6. Cabot’s Pueblo Museum, Desert Hot Springs, California
Nestled in the scenic hills of Desert Hot Springs, a Hopi-inspired pueblo sits against a hillside. Not just any pueblo but one built with natural materials collected throughout the desert. Yerxa’s pueblo is a four-story, 5,000 square foot structure. It has 160 windows, 65 doors, 30 rooflines, and 35 rooms. When homesteader Yerxa Cabot settled in Desert Hot Springs, he used re-purposed materials and a little ingenuity to build a home so unique it remains a preserved museum to this day.
7. Carlsbad Caverns, Carlsbad, New Mexico
New Mexico’s Carlsbad Caverns welcomes visitors with a unique spectacle: the Bat Flight Program where thousands of bats swarm the night sky. The free event begins in the evening with ranger-led narration about the science behind the spectacle. During the program, visitors watch the park’s large colony of Brazilian free-tailed bats exit the caverns to hunt for insects.
No reservations are required for this program that occurs every evening from Memorial Day weekend through October. The program takes place at the Bat Flight Amphitheater located at the Natural Entrance to Carlsbad Cavern. The start time for the program changes as the summer progresses and sunset times change.
To explore the cavern visitors can choose between the steep paved trail making its way down into the cave or the elevator directly down to the Big Room Trail. The 1.25-mile long Natural Entrance Trail is steep (it gains or loses) around 750 feet in elevation. This is equivalent to walking up a 75-story building. It takes about an hour to complete. Once down in the caves, the Big Room Trail is leading to the popular Big Room.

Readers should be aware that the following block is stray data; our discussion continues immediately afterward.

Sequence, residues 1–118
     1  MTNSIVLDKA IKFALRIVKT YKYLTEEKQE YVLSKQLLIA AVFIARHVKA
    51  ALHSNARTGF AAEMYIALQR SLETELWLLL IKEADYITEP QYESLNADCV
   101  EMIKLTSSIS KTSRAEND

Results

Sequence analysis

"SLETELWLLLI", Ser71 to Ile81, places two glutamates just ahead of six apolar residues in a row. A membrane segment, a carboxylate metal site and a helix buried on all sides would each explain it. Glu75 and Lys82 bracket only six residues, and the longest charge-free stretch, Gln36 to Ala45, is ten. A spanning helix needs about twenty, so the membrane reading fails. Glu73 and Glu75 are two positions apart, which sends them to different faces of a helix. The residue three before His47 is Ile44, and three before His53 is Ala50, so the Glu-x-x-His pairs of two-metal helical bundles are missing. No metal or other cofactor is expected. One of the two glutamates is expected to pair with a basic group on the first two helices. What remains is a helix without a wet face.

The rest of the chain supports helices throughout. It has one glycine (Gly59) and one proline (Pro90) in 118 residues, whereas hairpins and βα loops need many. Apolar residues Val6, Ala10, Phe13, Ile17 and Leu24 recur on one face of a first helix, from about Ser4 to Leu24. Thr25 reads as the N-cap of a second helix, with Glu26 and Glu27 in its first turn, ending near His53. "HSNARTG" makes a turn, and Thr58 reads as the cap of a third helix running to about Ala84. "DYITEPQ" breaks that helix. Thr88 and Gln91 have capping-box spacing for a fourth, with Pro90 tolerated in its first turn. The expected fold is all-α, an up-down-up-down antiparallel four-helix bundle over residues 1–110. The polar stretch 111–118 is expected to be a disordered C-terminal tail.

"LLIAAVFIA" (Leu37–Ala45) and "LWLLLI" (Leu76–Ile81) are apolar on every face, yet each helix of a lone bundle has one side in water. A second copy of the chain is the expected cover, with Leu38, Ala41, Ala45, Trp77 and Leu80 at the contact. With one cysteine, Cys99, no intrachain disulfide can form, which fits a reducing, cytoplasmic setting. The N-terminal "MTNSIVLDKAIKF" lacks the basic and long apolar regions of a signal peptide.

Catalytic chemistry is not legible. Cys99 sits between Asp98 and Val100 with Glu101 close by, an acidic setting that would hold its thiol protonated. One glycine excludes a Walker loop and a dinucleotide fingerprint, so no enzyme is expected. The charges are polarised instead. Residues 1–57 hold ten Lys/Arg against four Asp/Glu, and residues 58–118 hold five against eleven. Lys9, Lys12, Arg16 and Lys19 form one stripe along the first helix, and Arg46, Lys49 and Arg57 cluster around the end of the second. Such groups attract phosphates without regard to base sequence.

8. Museum of Appalachia, Clinton, Tennessee
The Museum of Appalachia is a living history museum, a unique collection of historic pioneer buildings and artifacts assembled for over a half-century. The Museum portrays an authentic mountain farm and pioneer village with some three dozen historic log structures, several exhibit buildings filled with thousands of authentic Appalachian artifacts, multiple gardens, and free-range farm animals, all set in a picturesque venue and surrounded by split-rail fences.
Strolling through the village, it’s easy to imagine we’re living in Appalachia of yesteryear cutting firewood, tending livestock, mending a quilt, or simply rocking on the porch, enjoying the glorious views.
9. Corn Palace, Mitchell, South Dakota
Looking for something corny to do? The Corn Palace’s multi-purpose building in Mitchell, South Dakota is redecorated every year with fresh murals made of corn, native grasses, and other grains.
Mitchell built its first Corn Palace in 1892, then a replacement in 1905. The current Palace opened in 1921. Onion domes and cone-topped castle turrets were added in 1937 then updated to sleeker, LED-enhanced towers in 2015. Through all of its iterations, pennants and flags have fluttered from multiple poles on the roof.
Don’t miss the Corn Palace Festival from August 23-27, 2023. This annual event celebrates the redecorating of the building and features a carnival, musical entertainment, specialty vendors, and more. There are over half a dozen RV parks in the area including Dakota Campground.
Texas Quilt Museum, La Grande, Texas
In downtown La Grange, quilts are doing what quilts have always done. They’re bringing people together. But instead of women huddling for a quilting bee or gathering at a quilt guild or children snuggling under a grandmother’s creation, visitors—quilters and non-quilters alike—come to the Texas Quilt Museum to view the common and uncommon artistry of handmade quilts from around the world.
The museum opened in November 2011 in adjacent 19th-century buildings that had been extensively renovated into three galleries totaling more than 10,000 square feet. Rotating displays are assembled every several months.
As you take in the sights in your RV this summer, consider adding one or more of these unusual—and sometimes quirky—attractions to your itinerary.
Certainly, travel is more than the seeing of sights; it is a change that goes on, deep and permanent, in the ideas of living.